Arguably the most overlooked “what if” scenario in NBA history involved the Orlando Magic, a franchise that has only really ever had four relevant seasons. But the question that has been bothering me the most over the past few months is, “What if the Shaq/Penny Hardaway Magic never fell apart?”. Now, I know I’m asking a lot here as I’m not only asking for Shaq to stay in Orlando after the 1995-1996 season, but also for Penny Hardaway to stay healthy, some semblance of job security for whoever was coaching the team, and for Nick Anderson to get over his PTSD. But, if all of these conditions were met, we could be talking about the Magic in the same way we talk about the Phil Jackson’s Lakers and the Greg Popovich’s Spurs: A dynasty in the post Michael Jordan NBA.
Remember, they went to the Finals in Shaq’s third year as a pro, and Hardaway’s sophomore year. Granted, they were swept in the Finals, but they were still serious contenders in what was, at the time, a loaded Eastern Conference. The next year in 1995-96, they win 60 games but lose out to the otherworldly Bulls, and their 72-10 record. That sweep at the hands of the Bulls would be the last we’d ever see of that Magic team, as two months later Shaq would bolt for Los Angeles.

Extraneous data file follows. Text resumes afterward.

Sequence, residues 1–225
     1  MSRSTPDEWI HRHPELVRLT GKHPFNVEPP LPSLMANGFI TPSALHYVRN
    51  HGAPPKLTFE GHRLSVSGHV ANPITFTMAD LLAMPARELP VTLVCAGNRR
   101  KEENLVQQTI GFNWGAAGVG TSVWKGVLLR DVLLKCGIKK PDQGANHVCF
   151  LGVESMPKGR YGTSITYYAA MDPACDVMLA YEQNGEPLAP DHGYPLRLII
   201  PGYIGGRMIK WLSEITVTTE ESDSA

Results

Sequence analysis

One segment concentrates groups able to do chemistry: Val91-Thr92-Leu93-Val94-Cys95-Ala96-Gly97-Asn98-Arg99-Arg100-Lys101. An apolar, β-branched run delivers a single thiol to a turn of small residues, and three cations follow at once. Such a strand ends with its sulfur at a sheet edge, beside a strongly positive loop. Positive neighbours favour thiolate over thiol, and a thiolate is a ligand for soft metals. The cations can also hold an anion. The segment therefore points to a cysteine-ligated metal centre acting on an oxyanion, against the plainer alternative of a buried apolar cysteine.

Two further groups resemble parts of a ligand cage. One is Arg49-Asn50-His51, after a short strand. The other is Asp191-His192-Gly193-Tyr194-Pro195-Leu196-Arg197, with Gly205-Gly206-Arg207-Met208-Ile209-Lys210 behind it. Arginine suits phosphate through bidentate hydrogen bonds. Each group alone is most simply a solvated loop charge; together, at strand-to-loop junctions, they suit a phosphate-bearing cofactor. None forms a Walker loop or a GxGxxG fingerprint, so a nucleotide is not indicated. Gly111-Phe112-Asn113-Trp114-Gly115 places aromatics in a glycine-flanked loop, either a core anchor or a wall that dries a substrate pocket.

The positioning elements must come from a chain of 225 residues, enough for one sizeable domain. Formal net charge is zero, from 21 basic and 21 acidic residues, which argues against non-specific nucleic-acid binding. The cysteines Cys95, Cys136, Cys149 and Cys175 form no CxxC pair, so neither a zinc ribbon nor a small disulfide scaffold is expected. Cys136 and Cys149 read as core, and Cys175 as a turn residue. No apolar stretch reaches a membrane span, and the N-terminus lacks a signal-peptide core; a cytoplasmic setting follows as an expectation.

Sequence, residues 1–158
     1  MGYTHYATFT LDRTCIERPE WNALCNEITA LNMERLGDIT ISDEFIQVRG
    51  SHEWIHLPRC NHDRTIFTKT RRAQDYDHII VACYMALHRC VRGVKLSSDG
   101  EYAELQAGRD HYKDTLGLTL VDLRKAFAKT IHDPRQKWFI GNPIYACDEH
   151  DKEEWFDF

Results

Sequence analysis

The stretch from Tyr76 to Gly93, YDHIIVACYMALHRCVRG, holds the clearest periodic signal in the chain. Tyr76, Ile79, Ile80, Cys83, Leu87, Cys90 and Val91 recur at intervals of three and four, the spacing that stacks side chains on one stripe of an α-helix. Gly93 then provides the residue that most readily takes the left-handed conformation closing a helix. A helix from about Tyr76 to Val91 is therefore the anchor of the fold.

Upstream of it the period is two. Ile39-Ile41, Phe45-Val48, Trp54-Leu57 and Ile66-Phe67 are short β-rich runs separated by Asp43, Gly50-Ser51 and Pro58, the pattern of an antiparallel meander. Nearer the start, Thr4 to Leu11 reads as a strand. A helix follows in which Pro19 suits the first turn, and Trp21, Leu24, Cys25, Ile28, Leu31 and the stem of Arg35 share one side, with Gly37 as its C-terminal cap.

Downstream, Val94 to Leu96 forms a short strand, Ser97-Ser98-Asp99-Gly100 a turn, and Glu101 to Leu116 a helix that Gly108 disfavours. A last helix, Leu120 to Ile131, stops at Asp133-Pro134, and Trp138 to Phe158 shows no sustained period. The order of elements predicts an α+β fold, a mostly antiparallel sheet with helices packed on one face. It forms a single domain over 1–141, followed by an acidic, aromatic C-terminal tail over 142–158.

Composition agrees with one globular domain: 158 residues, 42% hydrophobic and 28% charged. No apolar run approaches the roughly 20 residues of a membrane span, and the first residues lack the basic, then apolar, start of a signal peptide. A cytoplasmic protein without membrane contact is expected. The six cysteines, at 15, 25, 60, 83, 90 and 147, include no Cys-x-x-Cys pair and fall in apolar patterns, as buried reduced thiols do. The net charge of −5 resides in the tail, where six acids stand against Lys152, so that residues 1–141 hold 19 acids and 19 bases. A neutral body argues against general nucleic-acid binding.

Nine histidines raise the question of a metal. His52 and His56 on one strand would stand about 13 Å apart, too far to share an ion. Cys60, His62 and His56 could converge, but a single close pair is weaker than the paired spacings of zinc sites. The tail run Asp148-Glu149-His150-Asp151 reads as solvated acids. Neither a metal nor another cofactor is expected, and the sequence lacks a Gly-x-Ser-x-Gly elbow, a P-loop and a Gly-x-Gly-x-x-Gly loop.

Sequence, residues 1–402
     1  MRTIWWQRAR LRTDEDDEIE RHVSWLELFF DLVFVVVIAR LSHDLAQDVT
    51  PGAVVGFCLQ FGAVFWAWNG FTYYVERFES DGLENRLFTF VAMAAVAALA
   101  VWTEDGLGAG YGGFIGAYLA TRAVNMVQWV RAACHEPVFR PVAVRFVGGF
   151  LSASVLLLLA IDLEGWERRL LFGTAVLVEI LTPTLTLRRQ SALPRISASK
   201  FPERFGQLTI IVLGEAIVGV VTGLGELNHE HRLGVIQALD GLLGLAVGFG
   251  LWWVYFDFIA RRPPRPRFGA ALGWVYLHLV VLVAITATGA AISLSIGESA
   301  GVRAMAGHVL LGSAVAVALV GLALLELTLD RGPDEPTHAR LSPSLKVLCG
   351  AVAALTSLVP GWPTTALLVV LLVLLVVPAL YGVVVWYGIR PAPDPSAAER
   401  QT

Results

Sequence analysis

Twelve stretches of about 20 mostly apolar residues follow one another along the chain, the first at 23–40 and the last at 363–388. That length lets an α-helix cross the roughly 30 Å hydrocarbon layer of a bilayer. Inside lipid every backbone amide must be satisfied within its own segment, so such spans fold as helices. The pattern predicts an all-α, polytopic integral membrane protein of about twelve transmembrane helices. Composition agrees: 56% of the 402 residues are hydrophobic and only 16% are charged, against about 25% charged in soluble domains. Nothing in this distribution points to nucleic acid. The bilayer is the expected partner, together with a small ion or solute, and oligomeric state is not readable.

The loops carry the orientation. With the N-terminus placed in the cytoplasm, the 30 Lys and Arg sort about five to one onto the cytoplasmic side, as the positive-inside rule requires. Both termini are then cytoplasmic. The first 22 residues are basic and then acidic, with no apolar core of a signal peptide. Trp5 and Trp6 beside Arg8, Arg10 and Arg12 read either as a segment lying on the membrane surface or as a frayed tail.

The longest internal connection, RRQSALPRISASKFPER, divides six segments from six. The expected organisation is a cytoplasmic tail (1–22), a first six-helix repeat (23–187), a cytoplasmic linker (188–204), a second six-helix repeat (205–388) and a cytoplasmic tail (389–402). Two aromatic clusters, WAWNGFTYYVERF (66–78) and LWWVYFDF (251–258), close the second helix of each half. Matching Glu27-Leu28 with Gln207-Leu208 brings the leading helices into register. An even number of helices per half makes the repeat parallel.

This Magic team however, was built for sustained success. In 1996, only his fourth year in the league, Shaq was already named one of the 50 best players in NBA history. And this Shaq wasn’t the marginally out of shape juggernaut that he with the Lakers; Orlando Shaquille O’Neal had this Herculean build reminiscent of David Robinson. He was strong, but it was all muscle, and for a guy standing in at over 7 feet, weighing over 300 pounds he could run the fast break like he was going out for a Sunday stroll. This was a Shaq who was already a bona-fide All-Star, and a scoring champion, and it wasn’t like he was the only talent on the team either.